MAOIs, just like TCAs, are one of the earliest depression medications. Due to their strongly unpleasant and detrimental side effects, they are rarely recommended unless by specialists and for special cases. They can also cause complications when taken with other medications and certain types of food, such as aged meat and cheese.
MAOIs can increase neurotransmitters to improve moods by blocking the enzyme monoamine oxidase. Examples of these antidepressants are isocarboxazid (brand: Marplan), selegiline (brand: Emsam, a skin patch), phenelzine (brand: Nardil), and tranylcypromine (brand: Parnate).
The most common example of this type of depression medication is the Bupropion (brands: Plenzin, Wellbutrin, and Forfivo). Known to treat seasonal affective disorder as well as aid in minimizing nicotine dependency, its unique antidepressant properties come from its ability to block the brain’s reuptake of both dopamine and norepinephrine. It is also reported to have the least side effects on sexual drive and performance.
NASSAs are commonly the next choice for patients with resistance to SSRIs. Their side effects are reportedly like SSRIs’ as well, but NASSAs are least likely to interfere with the patient’s sex life. An example of NASSA is mirtazapine.
This category is composed of drugs that treat depression by altering the activities of certain biochemicals in the brain and fixing their imbalances in the process. These substances, however, are not the first choice for depression medications, and only prescribed should the first-line treatment meds caused burdening consequences or didn’t entirely serve their purpose. Examples are:
There are natural alternatives with antidepressant properties, which are taken either individually or in conjunction with chemical antidepressants. The most well-known natural antidepressant is St. John's wort, an herb that some studies found to be considerably effective in minimizing depression and its symptoms. St. John’s wort, however, may pose risk especially if taken with other drugs and chemical antidepressants.
Despite the effectiveness of antidepressants in curbing depression symptoms, curing the illness itself is not an absolute aftermath of medication treatment. Depression medication is not a “one size fits all” type of treatment. Depending on the patient’s prevalent health conditions and brain biology, some antidepressants might work, or only do so in higher dosages. There are antidepressants that work only when taken with other depression meds or in conjunction with psychotherapy. Likewise, some antidepressants should not be taken with other drugs or antidepressants, unless a doctor said so.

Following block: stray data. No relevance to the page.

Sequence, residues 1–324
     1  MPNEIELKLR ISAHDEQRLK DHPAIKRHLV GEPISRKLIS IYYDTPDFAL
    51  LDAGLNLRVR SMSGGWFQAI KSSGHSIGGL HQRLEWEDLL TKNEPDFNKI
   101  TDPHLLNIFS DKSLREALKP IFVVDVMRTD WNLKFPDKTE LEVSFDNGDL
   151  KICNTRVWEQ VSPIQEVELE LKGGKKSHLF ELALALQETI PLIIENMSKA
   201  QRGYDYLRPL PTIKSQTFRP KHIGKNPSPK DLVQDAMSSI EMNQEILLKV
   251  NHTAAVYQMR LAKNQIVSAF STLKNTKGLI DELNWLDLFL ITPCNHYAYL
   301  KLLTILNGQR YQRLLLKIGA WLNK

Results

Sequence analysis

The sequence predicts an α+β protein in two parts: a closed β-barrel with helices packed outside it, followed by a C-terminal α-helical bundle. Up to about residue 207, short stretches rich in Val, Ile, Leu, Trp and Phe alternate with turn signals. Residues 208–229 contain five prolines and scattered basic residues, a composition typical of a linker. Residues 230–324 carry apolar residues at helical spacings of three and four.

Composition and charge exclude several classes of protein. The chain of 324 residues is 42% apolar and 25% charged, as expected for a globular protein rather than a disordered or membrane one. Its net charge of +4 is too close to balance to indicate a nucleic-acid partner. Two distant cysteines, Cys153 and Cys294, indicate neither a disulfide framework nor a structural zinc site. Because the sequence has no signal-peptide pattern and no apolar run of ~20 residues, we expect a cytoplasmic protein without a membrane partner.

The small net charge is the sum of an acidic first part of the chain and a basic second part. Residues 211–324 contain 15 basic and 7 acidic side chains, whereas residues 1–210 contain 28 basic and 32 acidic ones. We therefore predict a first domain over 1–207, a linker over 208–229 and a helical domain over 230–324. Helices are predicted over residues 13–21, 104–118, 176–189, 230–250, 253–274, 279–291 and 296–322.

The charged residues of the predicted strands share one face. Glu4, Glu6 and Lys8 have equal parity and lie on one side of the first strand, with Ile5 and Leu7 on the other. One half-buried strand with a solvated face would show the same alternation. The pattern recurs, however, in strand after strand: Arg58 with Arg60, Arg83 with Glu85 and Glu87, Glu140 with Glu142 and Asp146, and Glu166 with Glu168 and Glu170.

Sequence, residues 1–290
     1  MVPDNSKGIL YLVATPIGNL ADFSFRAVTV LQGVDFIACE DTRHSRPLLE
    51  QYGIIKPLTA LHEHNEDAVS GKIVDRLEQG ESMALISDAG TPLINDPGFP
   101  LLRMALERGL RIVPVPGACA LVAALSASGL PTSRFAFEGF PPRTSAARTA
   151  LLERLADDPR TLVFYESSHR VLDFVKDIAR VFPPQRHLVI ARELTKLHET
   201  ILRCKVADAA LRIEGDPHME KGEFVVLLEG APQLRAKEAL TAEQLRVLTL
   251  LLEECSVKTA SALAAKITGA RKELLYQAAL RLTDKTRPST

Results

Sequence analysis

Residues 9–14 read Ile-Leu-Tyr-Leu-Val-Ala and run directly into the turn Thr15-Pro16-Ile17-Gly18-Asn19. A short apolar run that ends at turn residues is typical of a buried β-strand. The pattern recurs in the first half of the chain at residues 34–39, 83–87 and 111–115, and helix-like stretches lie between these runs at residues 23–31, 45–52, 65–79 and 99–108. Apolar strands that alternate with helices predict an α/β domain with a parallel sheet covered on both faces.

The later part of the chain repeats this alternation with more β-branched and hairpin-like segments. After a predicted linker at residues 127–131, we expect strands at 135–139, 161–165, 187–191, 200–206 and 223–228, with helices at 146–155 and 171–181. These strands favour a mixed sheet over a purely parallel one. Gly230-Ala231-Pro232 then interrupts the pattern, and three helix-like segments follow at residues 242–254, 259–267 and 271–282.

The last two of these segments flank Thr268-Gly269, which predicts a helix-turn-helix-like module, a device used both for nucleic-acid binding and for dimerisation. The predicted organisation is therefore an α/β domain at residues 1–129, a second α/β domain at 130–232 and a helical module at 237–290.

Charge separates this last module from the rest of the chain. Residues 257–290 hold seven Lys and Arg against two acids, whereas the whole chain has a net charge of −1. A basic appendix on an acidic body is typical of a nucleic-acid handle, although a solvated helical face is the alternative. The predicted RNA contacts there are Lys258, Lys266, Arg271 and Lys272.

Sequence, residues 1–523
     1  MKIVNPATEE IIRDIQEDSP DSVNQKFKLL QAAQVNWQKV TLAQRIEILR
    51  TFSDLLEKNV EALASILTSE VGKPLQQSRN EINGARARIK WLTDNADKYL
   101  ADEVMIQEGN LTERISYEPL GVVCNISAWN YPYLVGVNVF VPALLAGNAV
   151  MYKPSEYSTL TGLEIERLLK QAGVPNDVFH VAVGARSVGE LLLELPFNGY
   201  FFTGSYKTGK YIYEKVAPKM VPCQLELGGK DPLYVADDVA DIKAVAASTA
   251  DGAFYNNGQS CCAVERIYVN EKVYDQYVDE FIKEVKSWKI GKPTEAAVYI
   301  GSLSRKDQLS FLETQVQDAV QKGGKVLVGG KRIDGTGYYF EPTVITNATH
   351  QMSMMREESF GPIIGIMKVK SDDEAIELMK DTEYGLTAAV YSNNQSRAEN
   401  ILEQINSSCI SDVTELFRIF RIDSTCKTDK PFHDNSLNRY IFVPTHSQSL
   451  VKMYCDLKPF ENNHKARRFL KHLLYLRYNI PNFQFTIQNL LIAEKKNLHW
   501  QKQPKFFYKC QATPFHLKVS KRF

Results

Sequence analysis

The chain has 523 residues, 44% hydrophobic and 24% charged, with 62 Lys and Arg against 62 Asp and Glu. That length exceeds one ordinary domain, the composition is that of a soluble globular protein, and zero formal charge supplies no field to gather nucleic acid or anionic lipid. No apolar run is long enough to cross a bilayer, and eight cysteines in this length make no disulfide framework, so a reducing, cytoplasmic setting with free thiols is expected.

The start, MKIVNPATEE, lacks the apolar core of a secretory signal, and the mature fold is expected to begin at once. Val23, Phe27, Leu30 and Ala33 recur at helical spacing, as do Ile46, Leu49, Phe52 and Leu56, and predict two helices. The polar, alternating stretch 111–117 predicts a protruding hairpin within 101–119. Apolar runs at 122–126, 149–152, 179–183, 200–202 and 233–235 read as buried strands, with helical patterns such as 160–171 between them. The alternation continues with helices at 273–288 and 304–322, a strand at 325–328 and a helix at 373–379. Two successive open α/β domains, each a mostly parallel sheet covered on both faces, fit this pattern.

Similar to most chemical drugs, antidepressants have different side effects that range from mild like nausea, headache, and dizziness, to physically debilitating like seizures, suicidal thoughts, and sexual dysfunction. An overdose of depression meds can lead to very serious complications, including death.
The general procedure when prescribing antidepressants is to start with the lowest dosage that matches the patient’s medical history. The antidepressant’s effectiveness is monitored in the course of one to two weeks, with regular checking if the desired results are indeed happening. The monitoring period is stretched to a month or couple of months, before safely deciding that the first choice failed to do its job, and asking a doctor for a change of prescription. The expected benefits of depression medications, therefore, do not happen overnight and may take a while to take full effect. Patients, however, may experience side effects even during the first weeks of taking antidepressants.
Sticking to doctor’s advice on the appropriate dosage and frequency of intake is absolutely important. Aside from the possible failure of the whole treatment procedure if the patient disobeys doctor’s orders, there is also the danger of developing withdrawal symptoms or worsening of unpleasant side effects.
How long a patient must undergo medication treatment for depression depends on different factors, primarily on the recurrence of the illness. Depression poses a risk of relapse. Patients need to stay on medication even if the symptoms have finally disappeared, usually for six months to a year, depending on the number of episodes they experienced. Cases that involve several episodes of depression, or a family history of the condition, may require a longer time of supervised medication and therapy.